MUC5B genetic variants and shorter telomeres — or chromosome endings — are risk factors associated with greater lung damage and poorer survival in Chinese patients with idiopathic pulmonary fibrosis (IPF), a study has revealed.
The study, “The relationship between MUC5B promoter, TERT polymorphisms and telomere lengths with radiographic extent and survival in a Chinese IPF cohort,” was published in the journal Nature Scientific Reports.
While a better understanding of the underlying processes and risk factors that lead to IPF are urgently needed, several genetic factors have been associated with the disease.
Research points to genetic alterations, or polymorphisms, in genes that provide instructions for making telomerase reverse transcriptase (TERT) and telomerase RNA component (TERC), as possible contributors to the development of pulmonary fibrosis. In fact, according to the the National Institutes of Health, 15% of all cases of IPF are related to mutations in these genes.
TERC and TERT are responsible for making components of telomerase, an enzyme that extends “DNA caps” at the end of chromosomes called telomeres. These structures are very important in protecting the genome from wearing down and cells from entering an aging-like process.
Maintaining telomere length is important because when telomeres get too short, cells irreversibly stop dividing and acquire features of aged cells.
In fact, telomere shortening has been linked to increased susceptibility and lower survival in IPF patients. For this reason, scientists report that IPF is the most frequent manifestation of telomerase-associated disease.
Prior studies have also linked variations at the mucin 5B gene (MUC5B) to the risk of IPF and poor prognosis of patients. However, most of these studies were conducted in Western countries or looked at genetic variants that are rare in Asian populations.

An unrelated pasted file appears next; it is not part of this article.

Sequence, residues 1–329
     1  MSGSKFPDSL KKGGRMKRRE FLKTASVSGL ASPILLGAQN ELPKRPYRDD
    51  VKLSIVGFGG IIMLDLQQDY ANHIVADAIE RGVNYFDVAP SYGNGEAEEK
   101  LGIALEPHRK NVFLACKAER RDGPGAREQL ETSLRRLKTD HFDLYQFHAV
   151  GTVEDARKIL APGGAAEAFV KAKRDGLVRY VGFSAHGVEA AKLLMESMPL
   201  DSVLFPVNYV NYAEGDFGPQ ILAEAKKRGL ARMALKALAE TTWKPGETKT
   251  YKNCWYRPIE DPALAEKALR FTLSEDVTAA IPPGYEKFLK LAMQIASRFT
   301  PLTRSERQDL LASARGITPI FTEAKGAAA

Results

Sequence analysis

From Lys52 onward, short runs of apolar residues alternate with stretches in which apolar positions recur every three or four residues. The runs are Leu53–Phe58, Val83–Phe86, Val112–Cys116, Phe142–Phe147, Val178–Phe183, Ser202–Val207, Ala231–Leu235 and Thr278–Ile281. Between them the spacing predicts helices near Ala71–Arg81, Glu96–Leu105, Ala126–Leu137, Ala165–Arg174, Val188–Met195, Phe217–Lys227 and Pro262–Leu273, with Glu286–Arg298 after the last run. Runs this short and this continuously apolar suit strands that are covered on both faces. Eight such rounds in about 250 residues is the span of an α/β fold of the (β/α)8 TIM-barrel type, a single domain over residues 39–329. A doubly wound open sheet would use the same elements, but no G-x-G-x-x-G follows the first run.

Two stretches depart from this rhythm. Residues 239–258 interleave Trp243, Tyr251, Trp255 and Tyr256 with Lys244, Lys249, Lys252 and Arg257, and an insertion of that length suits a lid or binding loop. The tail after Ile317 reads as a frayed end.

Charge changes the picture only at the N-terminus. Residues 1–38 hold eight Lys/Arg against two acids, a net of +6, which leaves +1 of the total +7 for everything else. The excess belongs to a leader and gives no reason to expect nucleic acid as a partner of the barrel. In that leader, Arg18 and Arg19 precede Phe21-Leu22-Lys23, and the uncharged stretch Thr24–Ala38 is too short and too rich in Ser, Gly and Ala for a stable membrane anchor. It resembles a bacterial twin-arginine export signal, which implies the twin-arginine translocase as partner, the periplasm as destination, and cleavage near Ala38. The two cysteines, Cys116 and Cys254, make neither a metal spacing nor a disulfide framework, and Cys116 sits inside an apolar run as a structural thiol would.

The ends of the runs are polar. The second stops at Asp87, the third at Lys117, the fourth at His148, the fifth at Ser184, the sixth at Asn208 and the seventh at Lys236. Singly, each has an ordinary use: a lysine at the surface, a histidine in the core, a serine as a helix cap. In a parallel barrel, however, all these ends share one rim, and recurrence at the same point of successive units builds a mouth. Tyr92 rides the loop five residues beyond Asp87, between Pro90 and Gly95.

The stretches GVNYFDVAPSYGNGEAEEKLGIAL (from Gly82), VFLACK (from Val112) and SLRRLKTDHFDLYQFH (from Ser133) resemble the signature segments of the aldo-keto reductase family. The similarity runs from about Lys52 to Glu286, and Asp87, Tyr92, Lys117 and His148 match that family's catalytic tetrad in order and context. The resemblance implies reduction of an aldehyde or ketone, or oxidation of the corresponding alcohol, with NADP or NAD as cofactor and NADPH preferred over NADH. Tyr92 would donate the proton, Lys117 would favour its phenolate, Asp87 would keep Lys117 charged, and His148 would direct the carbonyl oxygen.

Recognizing the need to address risk factors in Asian patients, researchers investigated the association between genetic variations in MUC5B and TERT, as well as changes in telomere length, and the extent of lung fibrosis and survival in a group of Chinese IPF patients.
In total, 79 patients (86.08% males; mean age of 64.19 years) and 200 age- and sex-matched healthy controls were enrolled in the study at the Nanjing Drum Hospital in China. The mean follow-up time was 30.36 months.
Participants were screened for five small genetic variations (single-nucleotide polymorphisms, or SNPs) — rs35705950 and rs868903 in MUC5B, rs2736100 and rs2853676 in TERT, and rs1881984 in TERC. Their telomere length was also determined using blood samples.
Variations within each participant were compared with the extent of radiographic lung fibrosis seen on chest high-resolution computed tomography scans (HRCT), and with survival data. The extent of lung fibrosis was specifically measured by scoring honeycombing (clustered air spaces), an abnormal HRCT finding characteristic of IPF, used by doctors to definitively diagnose the disease.
HRCT results showed that a minority of patients (13 patients; 16.46%) had mild honeycombing (in less than 10% of the lung), while 34 patients (43.04%) had moderate honeycombing (10–50%), and 32 patients (40.51%) had severe honeycombing (more than 50% of the lung).
Patients who carried one of two genetic variants — CT or CC at the MUC5B promoter rs868903 — or those who had shorter telomeres had more extensive honeycombing on chest scans.
After adjusting for age, sex, and smoking status, the CT/CC variants in MUC5B also emerged as a genetic risk factor for poorer survival, linked to a higher risk of death over time in IPF patients. Of note, 38 (35.44%) of the total patients analyzed died during the follow-up period.
According to the team, this is the first study to find that MUC5B promoter variations and telomere size are associated with radiological features, and that MUC5B variations “were a predictive factor for the prognosis in a Chinese IPF cohort.”
“Further investigations are needed to determine exactly potential role of MUC5B gene in the pathogenesis of IPF, and the regulation mechanisms of telomere shortening,” they added.